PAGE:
August 22nd, 2014

Should we rethink our procedures?

Over the past year and a half, Massachusetts has been dealing with the custody of a minor from Connecticut. Normally, the name of a minor child would remain confidential but this one has been in the news with great frequency. Her name is Justina Pelletier.

The facts for background purposes, as reported by FOXCT on its Web site: “Justina had been…diagnosed with mitochondrial disease at Tufts Medical Center in 2011. Her parents admitted her to Boston Children’s Hospital in February 2013 with flu-like symptoms. Doctors at Boston Children’s questioned the Tufts diagnosis and said they believed her symptoms including weakness, headaches and additional pains were psychologically induced. They diagnosed her with somatoform disorder, a mental disorder. Justina’s parents disagreed with that diagnosis.”

So the question is, “What do we do when there are differing diagnoses from two or more experts?” One assumes that both Tufts Medical Center and Boston Children’s Hospital are reputable institutions with competent doctors. Yet, these doctors disagreed. Is one right and the other wrong? Could they both be right? Could they both be wrong? Psychologists who have worked in custody cases in divorces and the psychologists who have testified on competency or mental health issues in court are familiar with this concept.

Each side in these disputes hires an expert and the result is “dueling” experts. Courts are in the unenviable position of determining whose “truth” should prevail.

In this case, Children’s Hospital reported the matter to the Massachusetts Department of Children and Families (DCF). The parents attempted to remove their daughter from Children’s to return to Tufts Medical Center or to return home. However, once DCF was involved, the child was held by Children’s until an investigation could take place.

It is possible that Children’s believed that the parents’ treatment plan for the child was causing harm. Perhaps Children’s Hospital believed that under HIPAA it needed to make decisions on its own. The main question is why there did not seem to be communication among the doctors involved with this patient. It has been reported that the reason the child was taken to Children’s was because her physician had transferred from Tufts to Children’s. Yet there is nothing in the reporting that included a history of a connection with this doctor.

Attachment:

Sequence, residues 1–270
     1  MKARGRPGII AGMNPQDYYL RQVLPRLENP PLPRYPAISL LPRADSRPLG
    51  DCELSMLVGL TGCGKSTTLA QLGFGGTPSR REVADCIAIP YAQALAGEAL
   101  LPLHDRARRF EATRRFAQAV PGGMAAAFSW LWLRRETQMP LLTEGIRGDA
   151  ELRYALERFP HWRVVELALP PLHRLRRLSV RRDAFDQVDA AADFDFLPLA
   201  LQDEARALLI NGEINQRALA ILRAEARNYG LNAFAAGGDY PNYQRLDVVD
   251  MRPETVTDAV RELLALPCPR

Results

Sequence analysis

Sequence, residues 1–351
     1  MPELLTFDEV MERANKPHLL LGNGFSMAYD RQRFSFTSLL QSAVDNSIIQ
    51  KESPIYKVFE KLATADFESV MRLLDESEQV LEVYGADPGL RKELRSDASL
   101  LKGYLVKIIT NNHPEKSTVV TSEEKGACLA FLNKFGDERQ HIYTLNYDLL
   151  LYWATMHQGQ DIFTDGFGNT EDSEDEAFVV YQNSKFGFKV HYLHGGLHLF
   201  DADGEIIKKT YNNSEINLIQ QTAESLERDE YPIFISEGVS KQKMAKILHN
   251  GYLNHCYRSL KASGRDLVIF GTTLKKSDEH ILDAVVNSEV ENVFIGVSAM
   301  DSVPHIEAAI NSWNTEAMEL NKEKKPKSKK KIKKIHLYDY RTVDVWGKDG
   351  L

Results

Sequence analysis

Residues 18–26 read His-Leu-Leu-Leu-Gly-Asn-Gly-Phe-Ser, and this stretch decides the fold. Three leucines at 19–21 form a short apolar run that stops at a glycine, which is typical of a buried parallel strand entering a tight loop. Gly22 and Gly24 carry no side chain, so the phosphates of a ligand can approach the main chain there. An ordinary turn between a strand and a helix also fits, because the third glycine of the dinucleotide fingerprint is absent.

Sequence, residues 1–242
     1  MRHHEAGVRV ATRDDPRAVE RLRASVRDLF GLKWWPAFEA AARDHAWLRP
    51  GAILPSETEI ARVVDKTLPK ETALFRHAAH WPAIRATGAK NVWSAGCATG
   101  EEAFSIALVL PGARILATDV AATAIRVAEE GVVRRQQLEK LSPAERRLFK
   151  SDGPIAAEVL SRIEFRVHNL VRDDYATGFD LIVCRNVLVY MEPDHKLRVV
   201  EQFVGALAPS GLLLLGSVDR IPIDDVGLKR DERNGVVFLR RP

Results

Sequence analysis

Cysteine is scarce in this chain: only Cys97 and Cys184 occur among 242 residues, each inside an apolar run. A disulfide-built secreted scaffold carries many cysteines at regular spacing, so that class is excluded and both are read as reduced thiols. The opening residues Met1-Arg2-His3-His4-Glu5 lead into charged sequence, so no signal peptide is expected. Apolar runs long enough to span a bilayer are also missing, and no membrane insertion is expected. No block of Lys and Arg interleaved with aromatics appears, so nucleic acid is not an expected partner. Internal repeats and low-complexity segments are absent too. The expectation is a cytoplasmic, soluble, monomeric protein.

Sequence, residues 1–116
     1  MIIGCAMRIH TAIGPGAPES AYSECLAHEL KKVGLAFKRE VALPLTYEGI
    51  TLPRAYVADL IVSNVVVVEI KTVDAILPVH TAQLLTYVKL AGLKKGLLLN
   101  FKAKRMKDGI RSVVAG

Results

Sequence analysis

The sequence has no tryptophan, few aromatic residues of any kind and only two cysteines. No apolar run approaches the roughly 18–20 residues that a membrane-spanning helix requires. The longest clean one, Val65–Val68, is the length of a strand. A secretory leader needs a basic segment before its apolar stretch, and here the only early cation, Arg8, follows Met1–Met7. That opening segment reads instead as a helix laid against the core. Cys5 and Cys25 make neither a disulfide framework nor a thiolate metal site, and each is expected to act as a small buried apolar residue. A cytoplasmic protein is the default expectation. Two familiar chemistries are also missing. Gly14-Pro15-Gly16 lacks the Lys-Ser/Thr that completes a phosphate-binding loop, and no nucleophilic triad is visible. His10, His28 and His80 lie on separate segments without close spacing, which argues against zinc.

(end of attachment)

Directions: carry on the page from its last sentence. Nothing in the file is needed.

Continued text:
The intake at Children’s should have included “notice” of the possibility of retrieving prior medical records and discussing any matters with any prior treating physicians or with consulting physicians.  Such notice should be common practice. This notice could have encouraged communication.

Even if Children’s diagnosis is correct, should there not be a better mechanism in place for a conversation and possible resolution prior to involving government agencies?

A second issue seems even more concerning. It regards part of the court order in this case. It has been widely reported that the parents were very upset by the events. There seems to be language in the court’s opinion in the case suggesting the parents said or did something that the court believed to be unacceptable.

Assuming that in the court’s opinion, the parents are unable to acceptably care for their daughter  (and this is merely an assumption, because as of June 16, 2014 the parents have had two unsupervised visits) and assuming that the child needs psychiatric care and assuming that, as reported, threats and telephone disruptions from sources unknown, have occurred to agencies who have offered or provided services, it is still unclear why the child was held in a locked psychiatric ward for much of the period of this case.

Was the child being held for actual and identified treatment? Was the child held to punish the parents? Was the child held because the state could not find an alternative?

A program was finally found in Connecticut. It is a program well-known and with ties to Massachusetts. Could this have been done sooner if Massachusetts were willing to indemnify a caregiver in Massachusetts much earlier in the proceedings to care for the child in an unlocked, open setting? Those of us who are not involved in a case may not know enough to come to the correct understanding of it. At first, it seems to make sense to have matters involving juveniles confidential, but if confidentiality means that children who are not in imminent harm can be placed in a locked setting without the world taking any notice, then perhaps we need to rethink our procedures.

Edward M. Stern, J.D., has a private law practice in Newtonville, Mass., Stern serves as assistant dean for pre-law advising at Boston University and is a visiting lecturer for the University of Massachusetts/Boston Department of Sociology

By Edward Stern J.D.

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